Crowdfund The Knightscope Security Robot Today

You could purchase a share of the robo-mallcop of the future

Three Knightscope Robots

Three Knightscope Robots

Nothing makes me feel more patriotic than security robots that can scan for guns.Knightscope

Robocops may be a ways off still, but robot security guards are already here. Security robot company Knightscope has two different guard bots, both of which look like Daleks designed by Tim Cook-era Apple. Slick, bulb-shaped machines, they bristle with cameras, sensors, and lights, and are covered in white plastic. Uber previously tested some Knightscope robots as parking lot guards, like mobile security cameras scanning for people and reading license plates. Now, Knightscope is dreaming bigger, and looking for investors online.

Using the "equity crowdfunding platform" SeedInvest (think Kickstarter, only for shares of a startup instead of extra pieces for a new boardgame), Knightscope is looking for capital. From Knightscope's pitch:

We started Knightscope because we were horrified by the mass shooting at Sandy Hook and the impact of 9/11 on our country. And now the ongoing daily increase in violence globally has intensified our efforts. We want to build something great for our country and we believe down to our bones that we can use technology to help build safer, engaged communities while significantly reducing costs and reducing crime. That spark has turned into a grander vision to cut the annual $1 trillion negative economic impact of crime on the U.S. in half!

That’s certainly ambitious, though one wonders how inspired the project can be by 9/11 if the team wasn’t formed until April 2013. (Sandy Hook is a least a timely touchstone, even if it’s unclear how an unarmed guard robot could have stopped an elementary school massacre). In the pitch deck, a series of slides designed to sell the company to investors, Knightscope has another target in mind: the human cost of existing security systems.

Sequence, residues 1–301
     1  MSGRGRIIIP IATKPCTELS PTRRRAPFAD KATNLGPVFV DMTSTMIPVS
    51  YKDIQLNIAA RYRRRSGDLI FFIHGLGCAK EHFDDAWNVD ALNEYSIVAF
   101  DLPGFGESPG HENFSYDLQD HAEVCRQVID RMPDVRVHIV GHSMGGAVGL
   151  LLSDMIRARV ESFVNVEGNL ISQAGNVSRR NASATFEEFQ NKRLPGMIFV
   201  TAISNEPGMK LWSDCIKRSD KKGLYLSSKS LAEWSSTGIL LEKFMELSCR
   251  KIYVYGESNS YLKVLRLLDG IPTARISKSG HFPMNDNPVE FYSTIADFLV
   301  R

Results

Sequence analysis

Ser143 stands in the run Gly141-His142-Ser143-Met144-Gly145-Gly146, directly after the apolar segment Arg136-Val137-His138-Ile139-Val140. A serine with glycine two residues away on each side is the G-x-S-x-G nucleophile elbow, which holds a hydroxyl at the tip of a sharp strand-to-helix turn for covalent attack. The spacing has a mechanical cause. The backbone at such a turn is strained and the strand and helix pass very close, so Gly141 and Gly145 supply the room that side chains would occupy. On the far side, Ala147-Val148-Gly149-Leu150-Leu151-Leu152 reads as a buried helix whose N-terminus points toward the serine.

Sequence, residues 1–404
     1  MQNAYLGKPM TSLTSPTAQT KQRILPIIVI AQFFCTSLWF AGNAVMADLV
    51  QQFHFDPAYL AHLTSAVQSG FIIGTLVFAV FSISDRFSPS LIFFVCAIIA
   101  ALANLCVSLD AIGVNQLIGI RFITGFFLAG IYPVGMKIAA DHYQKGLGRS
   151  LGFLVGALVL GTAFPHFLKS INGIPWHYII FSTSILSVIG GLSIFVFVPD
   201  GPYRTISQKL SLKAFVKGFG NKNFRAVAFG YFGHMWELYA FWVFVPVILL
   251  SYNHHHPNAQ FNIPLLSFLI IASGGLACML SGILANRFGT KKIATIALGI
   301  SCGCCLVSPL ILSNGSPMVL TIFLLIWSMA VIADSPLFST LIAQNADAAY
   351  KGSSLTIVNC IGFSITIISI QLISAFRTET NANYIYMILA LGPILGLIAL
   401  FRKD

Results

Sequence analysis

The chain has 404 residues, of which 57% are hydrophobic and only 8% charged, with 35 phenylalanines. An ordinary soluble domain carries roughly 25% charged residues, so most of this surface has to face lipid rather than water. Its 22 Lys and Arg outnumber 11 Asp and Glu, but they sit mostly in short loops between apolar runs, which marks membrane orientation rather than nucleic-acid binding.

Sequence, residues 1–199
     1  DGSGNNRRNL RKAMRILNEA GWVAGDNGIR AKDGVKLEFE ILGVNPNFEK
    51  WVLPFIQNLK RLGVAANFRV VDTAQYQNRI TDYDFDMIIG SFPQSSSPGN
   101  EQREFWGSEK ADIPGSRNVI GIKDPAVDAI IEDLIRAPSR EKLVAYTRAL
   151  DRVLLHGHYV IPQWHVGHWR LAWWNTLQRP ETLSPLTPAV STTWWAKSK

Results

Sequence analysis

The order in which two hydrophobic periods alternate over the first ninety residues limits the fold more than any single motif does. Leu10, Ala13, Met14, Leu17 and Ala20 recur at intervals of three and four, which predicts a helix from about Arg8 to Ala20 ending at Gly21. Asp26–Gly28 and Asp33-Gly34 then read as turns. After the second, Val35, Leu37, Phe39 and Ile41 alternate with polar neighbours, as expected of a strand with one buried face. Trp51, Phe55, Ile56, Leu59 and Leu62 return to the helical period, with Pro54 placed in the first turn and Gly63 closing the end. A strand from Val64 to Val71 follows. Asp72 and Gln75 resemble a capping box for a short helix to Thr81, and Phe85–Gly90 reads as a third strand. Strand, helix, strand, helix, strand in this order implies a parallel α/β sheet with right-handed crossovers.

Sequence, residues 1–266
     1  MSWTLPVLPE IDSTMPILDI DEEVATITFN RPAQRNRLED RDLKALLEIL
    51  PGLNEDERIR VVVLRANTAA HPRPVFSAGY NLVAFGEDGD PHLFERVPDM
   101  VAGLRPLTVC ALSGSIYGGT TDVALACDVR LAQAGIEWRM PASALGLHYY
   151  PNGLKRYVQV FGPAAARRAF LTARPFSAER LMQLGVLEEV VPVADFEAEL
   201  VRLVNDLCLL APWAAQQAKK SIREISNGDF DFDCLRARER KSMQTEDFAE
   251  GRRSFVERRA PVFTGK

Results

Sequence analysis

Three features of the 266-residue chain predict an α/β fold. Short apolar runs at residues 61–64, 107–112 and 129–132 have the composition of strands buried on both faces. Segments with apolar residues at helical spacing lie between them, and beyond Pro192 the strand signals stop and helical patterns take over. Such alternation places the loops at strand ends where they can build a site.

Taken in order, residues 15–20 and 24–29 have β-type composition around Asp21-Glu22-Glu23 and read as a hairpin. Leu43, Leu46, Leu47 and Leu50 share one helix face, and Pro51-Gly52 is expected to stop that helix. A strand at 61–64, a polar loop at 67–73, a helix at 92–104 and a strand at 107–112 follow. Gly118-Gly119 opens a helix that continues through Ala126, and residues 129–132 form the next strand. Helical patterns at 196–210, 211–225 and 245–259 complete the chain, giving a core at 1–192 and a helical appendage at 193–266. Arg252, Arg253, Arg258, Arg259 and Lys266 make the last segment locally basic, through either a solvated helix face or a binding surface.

One slide in the pitch deck compares the costs of 24 hours of coverage by three shifts of three human security guards, versus 24 hours of coverage by two knightscope robots and three shifts of one human guard. The Knightscope robots, billed at $7/hour, are significantly cheaper than security guards, billed at $25/hour. The slide concludes that the Knightscope team costs $936 for 24 hours of security, compared to $1,800 for the team of only human guards.

If the robots can't cut crime by 50 percent, a feat accomplished by almost nothing in history (except possibly the removal of lead from gasoline), then Knightscope at least aims to reduce the cost of protecting against crime by almost 50 percent. Provided, of course, that they can figure out how to avoid running into toddlers.